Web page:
G.M.: I'm trying to figure out which Herman band this is. It could be from the early period. There was one passage that sounded like an awkward splice, but I wonder whether it wasn't made before they started using tape. Anyhow, the solo work was good. The baritone was effective toward the end, but he used some questionable changes. As far as his sound is concerned, he sounded like me; from the period this comes from, and the uncertainty about changes, it could be Serge Chaloff.
H.C.: I liked it three-and-a-half stars' worth. Baritone was nice on the whole.
G.M.: I'd say about three.

3.    John    Coltrane.    "Chim   Chim Cheree" (from John  Coltrane Plays..., Impulse).  Coltrane,  soprano  saxophone; McCoy Tyner,  piano; Jimmy Garrison, bass; Elvin Jones, drums.

H.C.: The tune itself is all right; we played it in the Ellington album of Mary Poppins tunes. I liked the part in front where they played the melody. Then it started going into those Eastern sounds, almost like an Oriental-type instrument, instead of a saxophone. I've heard things like that played in the Middle East. It gets kind of monotonous after a while. The rhythm section was good. I'd give it maybe two to three stars.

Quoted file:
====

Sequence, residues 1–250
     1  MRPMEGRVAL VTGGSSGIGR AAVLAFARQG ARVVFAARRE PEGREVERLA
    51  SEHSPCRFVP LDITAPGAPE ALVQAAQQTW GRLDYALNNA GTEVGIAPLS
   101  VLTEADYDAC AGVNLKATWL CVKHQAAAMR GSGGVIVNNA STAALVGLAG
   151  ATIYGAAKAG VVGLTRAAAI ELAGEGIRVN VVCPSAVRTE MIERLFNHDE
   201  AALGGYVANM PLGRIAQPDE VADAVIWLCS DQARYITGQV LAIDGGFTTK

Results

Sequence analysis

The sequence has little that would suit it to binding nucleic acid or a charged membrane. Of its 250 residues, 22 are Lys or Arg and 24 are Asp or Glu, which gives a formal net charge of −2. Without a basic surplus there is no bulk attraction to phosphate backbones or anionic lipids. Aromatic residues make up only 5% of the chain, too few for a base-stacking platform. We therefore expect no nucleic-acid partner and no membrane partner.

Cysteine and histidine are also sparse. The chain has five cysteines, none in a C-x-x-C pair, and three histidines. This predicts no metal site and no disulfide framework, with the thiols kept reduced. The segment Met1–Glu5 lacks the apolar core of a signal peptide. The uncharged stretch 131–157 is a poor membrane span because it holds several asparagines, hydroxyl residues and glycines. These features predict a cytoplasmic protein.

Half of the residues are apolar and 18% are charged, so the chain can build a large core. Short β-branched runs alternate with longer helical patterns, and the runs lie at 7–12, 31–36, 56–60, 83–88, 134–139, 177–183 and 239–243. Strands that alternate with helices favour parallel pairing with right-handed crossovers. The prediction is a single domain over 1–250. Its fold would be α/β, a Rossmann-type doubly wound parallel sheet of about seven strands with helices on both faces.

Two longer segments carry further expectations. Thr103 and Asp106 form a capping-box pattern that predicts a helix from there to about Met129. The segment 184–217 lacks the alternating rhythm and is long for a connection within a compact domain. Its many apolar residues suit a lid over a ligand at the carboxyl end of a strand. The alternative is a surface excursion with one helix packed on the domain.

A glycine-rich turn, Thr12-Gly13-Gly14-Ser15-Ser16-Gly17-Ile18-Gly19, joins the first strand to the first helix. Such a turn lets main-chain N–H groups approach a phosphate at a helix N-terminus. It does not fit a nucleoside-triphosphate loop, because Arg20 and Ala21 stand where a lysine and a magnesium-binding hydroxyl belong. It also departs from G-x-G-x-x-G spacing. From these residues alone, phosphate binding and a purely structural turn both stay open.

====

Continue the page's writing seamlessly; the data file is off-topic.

G.M.: You're right, it did get to sound like a double-reed instrument. It wasn't exactly my favorite record. I'd agree with your rating.

4. Maynard Ferguson. "The Lady's in Love with You" (from Color Him Wild, Mainstream). Ferguson, trumpet; Ronnie Cuber,  baritone  saxophone;  Don Rader, arranger.
H.C.: There seemed to be some difference between the balance on the saxophone passages and the sound on the rest of it—it didn't match. But the trumpet player was good, and the arrangement built up well enough.
G.M.: The baritone player sounded like he had a hell of a lot to say, but...
H.C.: But he was trying to say it all at once.
G.M.: Right. And between the big sound and everything he was blowing, it got to be a bit overpowering. You can get a sound like that just by getting right on top of the microphone. He eased up a little later in the solo. I'd say three stars.
H.C.: Make mine three and a half.

5.  Elvin Jones. "Elvin Elpus" (from And Then Again, Atlantic). Charles Davis, baritone saxophone; Jones, drums; Melba Liston, composer.

G.M.: Boy, that just had to be a date where the drummer was the leader. There was no mistaking that. There sure was an awful lot going on, but it didn't jell too well. It just wouldn't be fair to judge the baritone player by what he does here.
H.C.: I think that what they were attempting here had some possibilities, but perhaps they should have devoted more time to it. Three stars.